Mona al-Khodairy dreamed of breaking the long-held practice in Egypt of restricting certain jobs to men. Her dream evolved into an even bigger goal: to give women new employment opportunities. While playing a vital role in safeguarding the environment.
Khodairy, a graduate from the Faculty of Engineering in Assiut, launched a startup, Ecotaqa, at age 26. It aimed to help solve the problem of energy shortages and solid waste management in Egypt by expanding biogas production. The technique uses organic materials from agricultural waste and animal manure, breaking them down in the absence of oxygen to produce an energy that can be used as cooking gas.
At the beginning of her entrepreneurial journey Khodairy was keen to develop her business with professional know-how. She underwent extensive, comprehensive training in a new program named “Enhancing youth employability and local economic development in Upper Egypt.”
The program put her on the right track, teaching some efficient marketing approaches and fostering her technical skills. Under the auspices of the Ministry of Industry, Trade and Small and Medium Projects, funded by the Japanese government and managed by United Nations Industrial Development Organization (UNIDO), the program provided her with an indirect financial support through widening her network and attracting potential investors.
“Peasants suffer from an energy crisis that has hit the country over recent years, particularly in rural residential areas,” Khodairy explained during a symposium in Nahdet al-Mahrousa. She noted that buying gas cylinders creates a financial burden for those with limited income, saying, “Some peasants asked me to build a biogas unit for them.”
The biogas technique also converts organic waste to slurry, a nutrient-rich fertilizer that serves as an organic substitute for chemical fertilizers without their negative agricultural impact.
These biogas units create employment opportunities – notably for women. Individuals, both male and female, can now create their own small businesses selling excess fuel and fertilizer that they produce with the units. Khodairy said, “Some peasants employ a biogas system not only for increasing their crops, but also as an investment project to sell fertilizers to others.”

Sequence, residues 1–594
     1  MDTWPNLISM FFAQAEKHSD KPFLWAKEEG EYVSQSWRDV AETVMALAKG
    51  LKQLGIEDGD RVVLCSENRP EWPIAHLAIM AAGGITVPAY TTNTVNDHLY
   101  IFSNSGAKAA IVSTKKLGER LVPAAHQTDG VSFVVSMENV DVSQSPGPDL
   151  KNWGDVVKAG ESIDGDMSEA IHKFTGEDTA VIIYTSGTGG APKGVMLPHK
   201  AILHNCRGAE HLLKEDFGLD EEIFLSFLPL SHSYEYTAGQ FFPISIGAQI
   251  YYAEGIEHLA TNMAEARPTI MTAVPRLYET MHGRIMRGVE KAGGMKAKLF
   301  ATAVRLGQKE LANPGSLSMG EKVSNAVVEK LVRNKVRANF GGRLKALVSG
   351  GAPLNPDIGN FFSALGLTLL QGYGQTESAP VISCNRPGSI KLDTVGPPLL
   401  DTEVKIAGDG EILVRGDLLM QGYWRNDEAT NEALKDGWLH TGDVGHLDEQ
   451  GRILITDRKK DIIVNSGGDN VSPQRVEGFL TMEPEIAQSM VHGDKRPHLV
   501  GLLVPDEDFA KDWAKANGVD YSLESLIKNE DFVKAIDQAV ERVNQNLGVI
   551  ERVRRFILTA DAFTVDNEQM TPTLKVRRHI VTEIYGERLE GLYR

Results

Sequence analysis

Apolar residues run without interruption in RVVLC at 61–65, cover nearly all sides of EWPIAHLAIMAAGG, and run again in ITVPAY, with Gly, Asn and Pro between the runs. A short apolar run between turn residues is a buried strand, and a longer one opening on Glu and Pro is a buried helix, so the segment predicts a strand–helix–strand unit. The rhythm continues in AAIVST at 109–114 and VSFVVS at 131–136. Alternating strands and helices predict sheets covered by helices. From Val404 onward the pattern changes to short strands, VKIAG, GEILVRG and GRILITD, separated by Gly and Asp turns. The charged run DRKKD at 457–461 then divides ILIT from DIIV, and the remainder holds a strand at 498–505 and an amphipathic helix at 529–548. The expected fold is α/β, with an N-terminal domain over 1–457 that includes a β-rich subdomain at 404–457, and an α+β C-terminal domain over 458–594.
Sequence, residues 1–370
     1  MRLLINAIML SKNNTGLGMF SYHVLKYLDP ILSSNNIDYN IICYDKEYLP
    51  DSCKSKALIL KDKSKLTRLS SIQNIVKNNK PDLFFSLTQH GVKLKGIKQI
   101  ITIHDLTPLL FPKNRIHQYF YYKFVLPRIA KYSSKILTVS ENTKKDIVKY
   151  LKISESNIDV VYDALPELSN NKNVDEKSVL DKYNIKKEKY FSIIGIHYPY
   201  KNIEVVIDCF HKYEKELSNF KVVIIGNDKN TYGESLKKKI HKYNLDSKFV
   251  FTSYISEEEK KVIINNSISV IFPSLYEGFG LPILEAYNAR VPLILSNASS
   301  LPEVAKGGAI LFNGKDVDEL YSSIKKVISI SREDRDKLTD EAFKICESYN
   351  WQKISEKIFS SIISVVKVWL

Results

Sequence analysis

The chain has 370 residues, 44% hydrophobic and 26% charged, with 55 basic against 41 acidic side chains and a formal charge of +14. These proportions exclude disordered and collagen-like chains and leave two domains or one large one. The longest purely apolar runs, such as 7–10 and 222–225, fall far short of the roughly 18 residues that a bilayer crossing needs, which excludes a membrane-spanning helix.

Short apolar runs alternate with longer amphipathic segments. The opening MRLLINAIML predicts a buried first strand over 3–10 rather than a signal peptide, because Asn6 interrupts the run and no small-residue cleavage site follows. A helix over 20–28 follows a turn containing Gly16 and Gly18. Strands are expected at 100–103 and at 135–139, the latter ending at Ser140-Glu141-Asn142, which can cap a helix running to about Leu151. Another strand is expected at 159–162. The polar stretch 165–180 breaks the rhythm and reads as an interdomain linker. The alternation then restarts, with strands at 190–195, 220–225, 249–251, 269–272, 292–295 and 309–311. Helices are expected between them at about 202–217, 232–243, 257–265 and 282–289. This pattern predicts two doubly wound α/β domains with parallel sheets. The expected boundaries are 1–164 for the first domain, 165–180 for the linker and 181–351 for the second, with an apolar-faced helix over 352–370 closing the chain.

One biogas unit currently costs LE6000 ($340 USD). According to Khodairy, profits gained from the unit can cover its price within three months or so.
Khodairy’s initiative has great potential, said Ahmed Huzzayin, an engineer and manager at the United Nations Industrial Development Organization. “Ninety-seven percent of solid waste in Egypt is not employed in a suitable manner. If solid waste in Egypt is recycled, 1.6 million job opportunities could be provided.”
The project took off in 2014 and Ecotaqa built 90 units in several of Egypt’s governorates over the course of one year. Since then, the startup has built more than 240 units of different sizes across eleven governorates, including Luxor, Assuit, Dakahlia, Fayoum, Qena, Sharkia, Sohag and Minya.
Ecotaqa teamed up with the International Organization of Employers (IOE) to train tens engineers and workers in the governorate of Monufia, resulting in the construction of 20 units. The success of the first workshop with IOE paved the way for more partnerships in other governorates.
Khodairy did face some social backlash at first. “In the very beginning, I approached women as an indirect way to convince their husbands or sons, as most men in small villages voiced doubts about investing their money in a project run by a female engineer,” she said. This strategy empowered women in rural areas, who helped turn Khodairy’s vision into reality.
Once the project proved to be successful, she said the social barriers started to come down. “I was able to build credibility and trust over time based on word of mouth and the benefits gained from the units.”